The Point of Birth2Work for Me
Birth2Work Staff, mother
When I was in my late 20s, a tumultuous year would upend my life as I knew it. Within the year, my boyfriend of five years proposed and my father was diagnosed with advanced liver cancer. I was dumfounded at the extremes of life suddenly in my lap. Immediately after both of those significant moments I knew, to survive, I could only get through it all by taking things day by day. I began to plan a small wedding, and then my father got worse. I quit my job and left my apartment to move 450 miles home to be with my dad.
We discussed the ceremony while he underwent chemo. I wrote my vows while he slept. Eventually, I was designing a program for the wedding and a program for my dad’s funeral simultaneously. We had the funeral in early June, had the wedding three weeks later, and went on a seven-day honeymoon. Then I sat down in a monstrous haze wondering what the hell I was going to do next.
I was married. My father had passed. My husband and I now lived in an apartment we shared with another guy. I had no job. Time for some big decision-making. It certainly wasn’t at all where I thought I would be in my life. I never considered any of those things happening as they did, and I didn’t have a scaffold for how to bear it.
From our wedding
What I Knew at the Time
I knew my husband and I wanted our own place to live. (As opposed to having a housemate).
I knew we wanted to have a child within a few years.
I knew I wanted to be there to raise that child every day. (As opposed to having a nanny.)
I knew I wasn’t independently wealthy and would, therefore, need to plan for a flexible job.
The last of these points meant I needed to start doing some personal reflection and preparation for establishing a career that met my needs going forward. (Or, at least, try.) The opportunities in front of me for work were varied, but I had my future goals in mind and a mandate to earn some money quickly, so I got going.
What I Know Now
My personal process for determining my work life was complicated—as anyone’s would be. My process is not even relevant to share here as it was specific to my circumstances and skills set. What is relevant here is that almost 12 years later, I can clearly look back to those few weeks after my father passed away as the most critical turning point of my adult life. The writing, discussions, nerves, phone calls, and planning were all necessary for me to be able to build my scaffold for the adulthood I wanted.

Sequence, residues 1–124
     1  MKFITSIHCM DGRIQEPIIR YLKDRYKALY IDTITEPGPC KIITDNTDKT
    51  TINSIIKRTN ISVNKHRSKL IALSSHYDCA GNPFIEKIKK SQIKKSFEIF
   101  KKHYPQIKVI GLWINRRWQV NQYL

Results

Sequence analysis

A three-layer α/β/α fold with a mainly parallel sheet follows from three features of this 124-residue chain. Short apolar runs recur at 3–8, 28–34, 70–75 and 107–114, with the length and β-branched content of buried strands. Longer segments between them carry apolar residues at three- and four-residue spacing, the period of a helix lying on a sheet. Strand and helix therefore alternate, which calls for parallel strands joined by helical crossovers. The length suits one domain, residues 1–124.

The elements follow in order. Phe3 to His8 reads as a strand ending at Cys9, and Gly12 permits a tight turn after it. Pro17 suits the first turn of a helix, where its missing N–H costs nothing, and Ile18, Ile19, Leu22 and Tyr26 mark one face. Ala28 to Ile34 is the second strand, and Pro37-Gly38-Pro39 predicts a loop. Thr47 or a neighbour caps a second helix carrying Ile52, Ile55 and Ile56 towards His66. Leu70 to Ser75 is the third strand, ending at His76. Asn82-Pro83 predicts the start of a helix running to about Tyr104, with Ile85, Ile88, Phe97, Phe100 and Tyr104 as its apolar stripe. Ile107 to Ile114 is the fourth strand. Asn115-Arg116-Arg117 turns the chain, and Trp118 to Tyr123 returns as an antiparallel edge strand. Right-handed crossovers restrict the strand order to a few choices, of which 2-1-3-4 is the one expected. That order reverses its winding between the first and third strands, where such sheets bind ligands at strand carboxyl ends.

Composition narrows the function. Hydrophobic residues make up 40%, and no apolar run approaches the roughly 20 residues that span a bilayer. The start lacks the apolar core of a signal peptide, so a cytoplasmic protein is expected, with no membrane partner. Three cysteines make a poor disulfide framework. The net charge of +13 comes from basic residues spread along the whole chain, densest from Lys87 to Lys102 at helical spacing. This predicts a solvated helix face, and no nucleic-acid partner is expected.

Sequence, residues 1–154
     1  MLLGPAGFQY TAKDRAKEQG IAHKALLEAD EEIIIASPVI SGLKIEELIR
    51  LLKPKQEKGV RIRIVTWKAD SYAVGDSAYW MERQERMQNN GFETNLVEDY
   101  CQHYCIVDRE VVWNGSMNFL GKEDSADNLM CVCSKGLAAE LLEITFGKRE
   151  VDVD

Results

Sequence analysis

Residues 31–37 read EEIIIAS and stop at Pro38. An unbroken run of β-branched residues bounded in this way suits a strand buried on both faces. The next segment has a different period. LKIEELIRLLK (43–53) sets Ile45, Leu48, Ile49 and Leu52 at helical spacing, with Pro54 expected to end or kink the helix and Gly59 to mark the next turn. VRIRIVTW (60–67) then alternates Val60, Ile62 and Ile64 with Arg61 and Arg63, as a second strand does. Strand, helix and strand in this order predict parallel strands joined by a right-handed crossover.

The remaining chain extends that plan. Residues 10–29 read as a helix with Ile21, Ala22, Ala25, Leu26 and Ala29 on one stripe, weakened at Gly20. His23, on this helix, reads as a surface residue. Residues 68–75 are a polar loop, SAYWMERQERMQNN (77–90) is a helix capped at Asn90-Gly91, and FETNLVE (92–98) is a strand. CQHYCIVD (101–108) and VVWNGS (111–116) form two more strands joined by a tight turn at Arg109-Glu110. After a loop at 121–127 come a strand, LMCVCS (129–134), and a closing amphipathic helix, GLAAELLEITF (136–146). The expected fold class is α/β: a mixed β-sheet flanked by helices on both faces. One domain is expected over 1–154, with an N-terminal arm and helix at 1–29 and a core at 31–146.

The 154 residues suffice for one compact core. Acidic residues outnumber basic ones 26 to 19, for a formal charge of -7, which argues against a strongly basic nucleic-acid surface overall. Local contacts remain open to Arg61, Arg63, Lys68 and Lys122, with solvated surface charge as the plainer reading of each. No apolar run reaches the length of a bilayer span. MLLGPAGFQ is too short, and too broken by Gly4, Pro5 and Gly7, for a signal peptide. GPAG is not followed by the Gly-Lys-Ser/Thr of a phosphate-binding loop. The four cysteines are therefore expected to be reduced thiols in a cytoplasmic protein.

Planning then for what I wanted to be as a parent and a spouse in the future was the best gift I was able to give myself! And I openly discuss the choices I made then with my 6-year-old today. My work life doesn’t look like other people’s and I tell her why so she understands. Life is a series of choices and, after the insanity of my marriage/family death year, I didn’t want to be blown asunder again if I could help it.
Many people end up rolling into their lives almost haphazardly. On the other hand, no one can ever plan for everything that will happen in life (difficult or otherwise). But I will say that having a strong scaffold for what I wanted to see happen in life meant that the gusts of chaos that inevitably blew at me again, didn’t break me down. I kept it together.
My greatest opportunity in sharing the work that Birth2Work does now is in helping people build their own life scaffolds—for themselves and their families. Whatever they are building toward is immaterial to the process we help folks work through. Personal reflection and making conscious, aligned choices with partners, family, and anyone else immediately involved in the raising of children makes life so much less complicated!
In Other Words
Thinking ahead—being proactive instead of reactive as a habit—allows a person to react with calm to the inevitable crazy of life. It’s why we ask children to run fire drills at school; think and make a plan and then if $h!t goes down you’re ready to respond like a boss instead of running around like a crazy person yelling, “I don’t know what to do! I never thought about it!!”
Having and retooling my scaffold has built me up and keeps me strong.
That’s the point of Birth2Work for me.
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